In response to your rant about the Reuben Fowler project and the question of what the label puts in, the answer is – very little. Both Fowler and the previous Kenny Wheeler prize winner had to dig deep and essentially self-finance their records, and Reuben's is a particularly ambitious project. Whether or not that's right isn't for me to decide, and I would venture to suggest it's not for you, either. Who's comparing Edition to ECM?
I think it's important that these new records get made, that new music can be made that's sole purpose isn't to make or recoup money – whatever your opinion is on Glasper (I find it crushingly dull), I think it's pretty clear Blue Note expected that one to be a success; if you don't agree, you don't have to play the game, but my support is fully with artists like Gwyneth and Reuben, and I genuinely hope to see more ways emerging of good new music being made!
As a fan, I found it exciting to be able to contribute to an album of an artist I enjoy. I have little to no muscial talent but I've money in the bank and a desire to spend it on something I actually want. Being able to contibute to Gwyneth's album is like being a tiny part of the process. And it's made me a whole lot more than a tiny bit happy. Win-win situation as far as I can see.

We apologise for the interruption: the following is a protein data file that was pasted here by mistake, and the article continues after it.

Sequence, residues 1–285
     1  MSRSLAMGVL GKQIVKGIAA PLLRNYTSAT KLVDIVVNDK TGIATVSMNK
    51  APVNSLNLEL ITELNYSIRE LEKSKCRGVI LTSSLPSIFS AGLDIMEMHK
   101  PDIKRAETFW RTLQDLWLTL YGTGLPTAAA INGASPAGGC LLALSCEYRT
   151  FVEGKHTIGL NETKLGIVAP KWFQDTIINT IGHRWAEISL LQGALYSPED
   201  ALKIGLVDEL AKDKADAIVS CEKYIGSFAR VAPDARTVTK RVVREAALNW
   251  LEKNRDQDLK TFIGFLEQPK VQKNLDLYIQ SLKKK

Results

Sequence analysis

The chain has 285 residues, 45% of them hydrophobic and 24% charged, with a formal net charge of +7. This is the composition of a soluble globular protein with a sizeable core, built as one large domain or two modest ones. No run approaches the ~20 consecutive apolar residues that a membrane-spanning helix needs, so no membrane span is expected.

That's a very good point to raise, Anonymous at 19.13. There is much debate about the notion of flexible funding. Many crowd-sourcing platforms don't do it at all, as they feel that the quality of the product may be compromised or the project itself won't be able to reach fruition. Being a newbie to this way of working, I thought long and hard about which option to go with for The Sea Cabinet. I really had no idea how what the response would be… as it is, I've been utterly staggered by the financial generosity and general support so far, even in such an early stage in the process.